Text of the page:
I was born in a Free City, near the North Sea

This poem is Lisel Mueller summing up her life, with a heady mix of world-changing events and personal, mundane experience. She was born in Germany in the 1920s and moved to the US in the 1930s with her parents. This poem sets out to summarise and highlight the events and experiences which were most important over her whole life. And as seniors often do, it has an element of taking stock, was this a life worth living…

Curriculum Vitae

1) I was born in a Free City, near the North Sea.

2) In the year of my birth, money was shredded into
confetti. A loaf of bread cost a million marks. Of
course I do not remember this.

3) Parents and grandparents hovered around me. The
world I lived in had a soft voice and no claws.

4) A cornucopia filled with treats took me into a building
with bells. A wide-bosomed teacher took me in.

5) At home the bookshelves connected heaven and earth.

6) On Sundays the city child waded through pinecones
and primrose marshes, a short train ride away.

7) My country was struck by history more deadly than
earthquakes or hurricanes.

8) My father was busy eluding the monsters. My mother
told me the walls had ears. I learned the burden of secrets.

9) I moved into the too bright days, the too dark nights
of adolescence.

10) Two parents, two daughters, we followed the sun
and the moon across the ocean. My grandparents stayed
behind in darkness.

11) In the new language everyone spoke too fast. Eventually
I caught up with them.

12) When I met you, the new language became the language
of love.

13) The death of the mother hurt the daughter into poetry.
The daughter became a mother of daughters.

14) Ordinary life: the plenty and thick of it. Knots tying
threads to everywhere. The past pushed away, the future left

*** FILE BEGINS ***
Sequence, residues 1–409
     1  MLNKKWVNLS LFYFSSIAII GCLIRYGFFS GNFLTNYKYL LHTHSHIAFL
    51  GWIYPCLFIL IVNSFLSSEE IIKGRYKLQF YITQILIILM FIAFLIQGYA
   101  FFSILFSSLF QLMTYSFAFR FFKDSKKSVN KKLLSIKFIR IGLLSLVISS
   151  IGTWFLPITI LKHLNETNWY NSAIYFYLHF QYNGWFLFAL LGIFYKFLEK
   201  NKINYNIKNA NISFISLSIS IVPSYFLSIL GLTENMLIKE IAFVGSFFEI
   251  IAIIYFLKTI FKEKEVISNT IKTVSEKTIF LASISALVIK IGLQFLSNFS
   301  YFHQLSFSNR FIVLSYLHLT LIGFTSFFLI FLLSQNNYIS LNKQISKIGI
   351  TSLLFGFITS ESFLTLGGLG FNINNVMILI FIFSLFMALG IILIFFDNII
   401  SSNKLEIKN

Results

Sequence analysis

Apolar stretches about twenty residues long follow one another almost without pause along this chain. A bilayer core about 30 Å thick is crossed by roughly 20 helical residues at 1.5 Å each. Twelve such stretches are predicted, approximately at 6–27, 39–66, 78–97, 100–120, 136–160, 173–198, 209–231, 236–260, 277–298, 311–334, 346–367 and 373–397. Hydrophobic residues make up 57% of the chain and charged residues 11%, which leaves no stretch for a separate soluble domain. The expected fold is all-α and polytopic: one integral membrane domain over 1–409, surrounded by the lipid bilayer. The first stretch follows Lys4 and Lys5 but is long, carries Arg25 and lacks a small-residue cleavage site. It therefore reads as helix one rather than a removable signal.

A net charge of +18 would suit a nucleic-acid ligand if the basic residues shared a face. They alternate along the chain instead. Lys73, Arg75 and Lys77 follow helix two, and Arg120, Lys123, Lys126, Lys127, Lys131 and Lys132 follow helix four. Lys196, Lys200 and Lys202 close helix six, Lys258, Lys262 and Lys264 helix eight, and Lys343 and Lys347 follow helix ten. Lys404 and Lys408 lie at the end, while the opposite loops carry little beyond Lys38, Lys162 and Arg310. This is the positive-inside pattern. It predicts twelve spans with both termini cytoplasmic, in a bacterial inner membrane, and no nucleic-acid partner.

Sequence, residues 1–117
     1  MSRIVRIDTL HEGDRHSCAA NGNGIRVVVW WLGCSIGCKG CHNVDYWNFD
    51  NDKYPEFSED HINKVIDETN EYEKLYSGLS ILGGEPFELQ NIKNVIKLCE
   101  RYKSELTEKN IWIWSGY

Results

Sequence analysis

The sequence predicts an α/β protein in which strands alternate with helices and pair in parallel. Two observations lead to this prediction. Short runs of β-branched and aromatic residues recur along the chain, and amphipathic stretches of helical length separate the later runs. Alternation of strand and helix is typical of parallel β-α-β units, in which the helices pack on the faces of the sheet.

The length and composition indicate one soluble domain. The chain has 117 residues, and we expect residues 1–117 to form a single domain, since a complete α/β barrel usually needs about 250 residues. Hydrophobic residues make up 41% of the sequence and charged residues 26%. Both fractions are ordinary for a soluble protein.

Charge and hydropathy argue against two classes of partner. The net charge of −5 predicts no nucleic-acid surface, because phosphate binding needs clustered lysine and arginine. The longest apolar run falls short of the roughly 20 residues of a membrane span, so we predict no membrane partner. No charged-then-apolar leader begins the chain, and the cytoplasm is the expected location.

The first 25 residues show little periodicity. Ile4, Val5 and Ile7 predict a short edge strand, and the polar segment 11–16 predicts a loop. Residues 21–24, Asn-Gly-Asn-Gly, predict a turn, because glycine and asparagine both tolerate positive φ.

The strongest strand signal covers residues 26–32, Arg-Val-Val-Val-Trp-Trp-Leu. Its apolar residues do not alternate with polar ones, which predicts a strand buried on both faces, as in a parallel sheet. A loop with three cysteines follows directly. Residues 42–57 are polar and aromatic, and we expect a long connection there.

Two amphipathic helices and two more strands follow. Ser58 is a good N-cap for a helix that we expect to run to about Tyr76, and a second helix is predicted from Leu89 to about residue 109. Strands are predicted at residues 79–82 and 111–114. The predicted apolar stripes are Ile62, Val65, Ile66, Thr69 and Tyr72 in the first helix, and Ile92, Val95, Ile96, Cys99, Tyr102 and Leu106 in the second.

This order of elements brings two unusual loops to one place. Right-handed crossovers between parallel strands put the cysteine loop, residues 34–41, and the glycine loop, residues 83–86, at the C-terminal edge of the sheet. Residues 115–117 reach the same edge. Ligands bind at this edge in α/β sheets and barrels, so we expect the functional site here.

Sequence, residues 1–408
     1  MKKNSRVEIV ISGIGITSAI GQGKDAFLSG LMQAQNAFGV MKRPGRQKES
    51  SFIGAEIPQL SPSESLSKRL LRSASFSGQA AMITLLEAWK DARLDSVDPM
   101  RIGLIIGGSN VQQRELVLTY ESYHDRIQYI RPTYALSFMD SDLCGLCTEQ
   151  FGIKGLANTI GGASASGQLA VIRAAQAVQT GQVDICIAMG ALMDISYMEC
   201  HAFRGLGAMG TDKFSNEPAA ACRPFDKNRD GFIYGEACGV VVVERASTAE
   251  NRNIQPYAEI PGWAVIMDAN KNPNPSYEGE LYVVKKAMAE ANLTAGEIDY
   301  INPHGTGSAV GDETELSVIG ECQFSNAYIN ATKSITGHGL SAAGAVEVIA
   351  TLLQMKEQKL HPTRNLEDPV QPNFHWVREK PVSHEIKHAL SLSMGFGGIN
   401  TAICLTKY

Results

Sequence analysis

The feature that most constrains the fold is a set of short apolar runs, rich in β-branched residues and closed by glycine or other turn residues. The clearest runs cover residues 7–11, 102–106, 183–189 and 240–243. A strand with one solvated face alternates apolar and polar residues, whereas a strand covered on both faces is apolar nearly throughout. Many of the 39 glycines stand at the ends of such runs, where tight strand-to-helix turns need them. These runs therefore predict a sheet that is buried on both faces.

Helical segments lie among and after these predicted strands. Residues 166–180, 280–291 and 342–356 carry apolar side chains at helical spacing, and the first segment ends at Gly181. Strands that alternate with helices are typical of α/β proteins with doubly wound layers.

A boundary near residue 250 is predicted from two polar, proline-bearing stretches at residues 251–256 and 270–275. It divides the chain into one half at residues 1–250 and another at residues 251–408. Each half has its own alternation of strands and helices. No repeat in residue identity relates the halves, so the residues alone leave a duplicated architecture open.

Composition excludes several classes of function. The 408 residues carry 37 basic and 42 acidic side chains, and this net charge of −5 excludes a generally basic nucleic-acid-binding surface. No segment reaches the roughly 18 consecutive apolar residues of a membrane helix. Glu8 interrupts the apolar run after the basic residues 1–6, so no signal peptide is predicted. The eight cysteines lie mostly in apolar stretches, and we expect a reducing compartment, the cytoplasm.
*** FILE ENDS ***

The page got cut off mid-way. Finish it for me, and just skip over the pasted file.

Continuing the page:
unimagined for the sake of the glorious, difficult, passionate

15) Years and years of this.

16) The children no longer children. An old man’s pain, an
old man’s loneliness.

17) And then my father too disappeared.

18) I tried to go home again. I stood at the door to my
childhood, but it was closed to the public.

19) One day, on a crowded elevator, everyone’s face was younger
than mine.

20) So far, so good. The brilliant days and nights are
breathless in their hurry. We follow, you and I.
Lisel Mueller

From <http://www.poemhunter.com/poem/curriculum-vitae/&gt;


A life expressed in 20 points, that would be an interesting exercise for anyone to try and emulate. Two points of geographical and societal context. Eight points of childhood innocence, hope and love, finishing with danger and disruptive change. Two stanzas of transition, love and move into adulthood. Three stanzas of life goes on, normal experience (I love point 15 ” Years and years of this”, some would find this depressing, I find it reassuring). Three stanzas of the reality and realization of aging. And the final stanza is the summing up, So far, so good, and time moves on.

The poem is sensitive and touching in its content and inventive in its structure, set out like an executive memo with short, succinct points. This keeps it accessible and reminds us that the important things in our lives are not just the big momentous events, but also the continuity of small almost unnoticed progressions (Years and years of this).

Nice poem.

The Poetry Dude

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